Pets and Pregnancy, Part Two: Your Cat, Your Pregnancy, and Bringing Home Baby

Where would we be without our furbabies?

Our cuddly cats, our delightful dogs, our fine feathered friends. We adore them. They fill our heart with unconditional love. Sometimes we even feel lost when they are not by our side. They are the keepers of secrets, the nonjudgmental listening ears, and soothers of our soul. But now we are going to be introducing someone new to the mix…your darling new baby. What happens now? How can we keep Fluffy, Fido, and Finch from feeling left out?

In this second installment of our Pets and Pregnancy blog series, we are going to talk about getting your feline friend ready for Baby’s homecoming.

Remember, as your baby bump grows, your cat is probably getting a sense of what is going on. After all, they make babies too! Of course, if kitty has been the sole “baby” in your life up until now, she may get her “nose out of joint” as she realizes something is going to change. He may feel knocked off his king of the home throne and replaced when the new baby in the house arrives. Here are some tips to ease your cat’s transition to life with Baby.

Achoo! What about allergies?

Will having a cat in the house cause your baby to become prone to allergic reactions to fur and dander? There is no way of knowing if your baby will be allergic to your cat but some studies suggest that babies exposed to cats and other pets before their first birthday are less likely to suffer from allergies to fur and dander. You can read more about this study here. If you have allergies, be sure to speak to your health care provider and find out which allergy medications are safe to take while you are pregnant.

Possible unpredictability...or “Wait! What? Who is this cat and what did you do with Fluffy?”

It has been my experience as a cat owner that felines pretty much pick and choose when they want to be “loved on” and by whom. My cats tended to be extra-affectionate with me during both of my pregnancies. One of the kitties was fascinated by the little kicks and flutters moving across my baby bump, tracking the movements and even pouncing on me from time to time. Both cats were full of purrs and kneaded on my shoulders as I sat in the easy chair. I have also heard stories of fickle felines suddenly shunning the expecting mother and becoming “attached” to her partner.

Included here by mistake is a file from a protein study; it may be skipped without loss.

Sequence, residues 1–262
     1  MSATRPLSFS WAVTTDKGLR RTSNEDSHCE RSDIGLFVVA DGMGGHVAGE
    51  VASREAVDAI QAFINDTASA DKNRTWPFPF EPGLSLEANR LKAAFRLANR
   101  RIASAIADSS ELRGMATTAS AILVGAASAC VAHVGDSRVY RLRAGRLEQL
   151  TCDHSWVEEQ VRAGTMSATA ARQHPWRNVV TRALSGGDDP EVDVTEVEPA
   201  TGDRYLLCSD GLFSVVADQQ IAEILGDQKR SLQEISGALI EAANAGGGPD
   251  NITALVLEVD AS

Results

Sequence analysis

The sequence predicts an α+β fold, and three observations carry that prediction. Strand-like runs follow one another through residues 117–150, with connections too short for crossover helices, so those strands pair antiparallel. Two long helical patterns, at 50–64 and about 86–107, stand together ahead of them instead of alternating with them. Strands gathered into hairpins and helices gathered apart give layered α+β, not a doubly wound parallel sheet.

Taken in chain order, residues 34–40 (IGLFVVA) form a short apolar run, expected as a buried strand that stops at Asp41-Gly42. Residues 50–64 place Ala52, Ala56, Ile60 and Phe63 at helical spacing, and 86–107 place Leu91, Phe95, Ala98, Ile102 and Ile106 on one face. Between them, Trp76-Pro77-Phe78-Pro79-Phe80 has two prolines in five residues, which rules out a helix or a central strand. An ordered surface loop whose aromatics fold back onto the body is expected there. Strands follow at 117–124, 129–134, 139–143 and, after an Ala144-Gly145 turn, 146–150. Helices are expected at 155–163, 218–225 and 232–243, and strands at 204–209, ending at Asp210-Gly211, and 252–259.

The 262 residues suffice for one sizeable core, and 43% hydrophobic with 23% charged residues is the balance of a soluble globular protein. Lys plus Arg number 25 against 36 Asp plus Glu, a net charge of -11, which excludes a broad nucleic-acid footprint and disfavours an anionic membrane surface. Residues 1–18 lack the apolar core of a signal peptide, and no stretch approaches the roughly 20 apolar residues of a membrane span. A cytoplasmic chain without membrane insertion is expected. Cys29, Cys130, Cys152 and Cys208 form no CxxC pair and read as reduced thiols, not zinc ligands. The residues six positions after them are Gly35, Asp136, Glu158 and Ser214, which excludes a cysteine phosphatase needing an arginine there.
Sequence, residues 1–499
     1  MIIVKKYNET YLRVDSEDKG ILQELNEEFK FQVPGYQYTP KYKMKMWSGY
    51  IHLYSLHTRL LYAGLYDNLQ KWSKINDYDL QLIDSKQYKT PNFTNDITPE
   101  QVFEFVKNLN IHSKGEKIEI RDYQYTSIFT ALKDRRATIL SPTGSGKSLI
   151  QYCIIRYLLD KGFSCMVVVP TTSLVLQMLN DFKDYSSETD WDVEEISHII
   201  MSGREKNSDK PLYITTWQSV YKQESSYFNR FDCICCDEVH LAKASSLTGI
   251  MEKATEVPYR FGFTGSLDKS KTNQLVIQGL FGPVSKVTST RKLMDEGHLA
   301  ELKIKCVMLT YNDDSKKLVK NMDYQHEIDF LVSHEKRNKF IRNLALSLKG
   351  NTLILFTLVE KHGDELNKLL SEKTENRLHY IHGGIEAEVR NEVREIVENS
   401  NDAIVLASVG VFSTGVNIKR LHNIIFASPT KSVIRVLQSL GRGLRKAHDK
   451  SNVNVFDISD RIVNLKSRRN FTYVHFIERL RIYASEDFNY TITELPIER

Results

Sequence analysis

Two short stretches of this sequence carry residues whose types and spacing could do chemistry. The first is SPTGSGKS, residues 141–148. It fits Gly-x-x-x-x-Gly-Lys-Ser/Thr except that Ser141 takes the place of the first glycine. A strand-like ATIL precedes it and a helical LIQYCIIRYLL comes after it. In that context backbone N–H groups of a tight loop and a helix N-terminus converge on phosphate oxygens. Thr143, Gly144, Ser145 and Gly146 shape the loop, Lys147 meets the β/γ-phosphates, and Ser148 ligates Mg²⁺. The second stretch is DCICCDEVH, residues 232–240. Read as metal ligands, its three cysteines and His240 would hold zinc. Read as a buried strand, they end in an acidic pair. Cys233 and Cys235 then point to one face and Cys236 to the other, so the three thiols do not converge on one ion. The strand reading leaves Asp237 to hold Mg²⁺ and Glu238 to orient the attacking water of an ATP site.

If you’re a cat owner, you know a kitty can love a good belly rub one minute, then suddenly attack your hand so violently you’d swear he became a wild tiger…and then switch back to the docile friend you adore. Now what if your baby startles your cat, pulls her fur, or grabs his tail? It can happen. So while baby is still safely “inside”, start helping your cat to become accustomed to sudden movements, slight tugs of her fur or tail, and the occasional toy falling on the floor beside him. Reward kitty when she acts appropriately. Praise her good behavior. Talk to her about the changes that will be happening…yes, I said it, talk to your cat. Cats respond to the changes in our voice, our tone, and inflection, pitch, and volume. Your voice can be soothing and reassuring.

Time to make some noise!

Your new little human comes with an assortment of sounds, giggles, cries, shrieks, and coos. And Baby’s accoutrements come with all sorts of bells and whistles. How can you get your cat accustomed to these sounds? Turn on the baby swing or toys that make noise. Play recordings of babies crying at various volumes. Mimic baby sounds. Invite friends to bring their little ones over to visit to see how Kitty reacts to babies. Be sure to monitor your cat closely during these visits.

Take a sniff!

You will be bringing various different scents into your home as you get ready for baby, and once your baby is home. Let your cat sniff the new stuff you’re buying for the baby; diapers, lotions, cribs, and car seats all have distinct odors with which Kitty should become familiarized. However, something to watch out for…before my son was born, my kitties believed the car seat and baby swing were their new beds. The “alpha” cat also headed straight f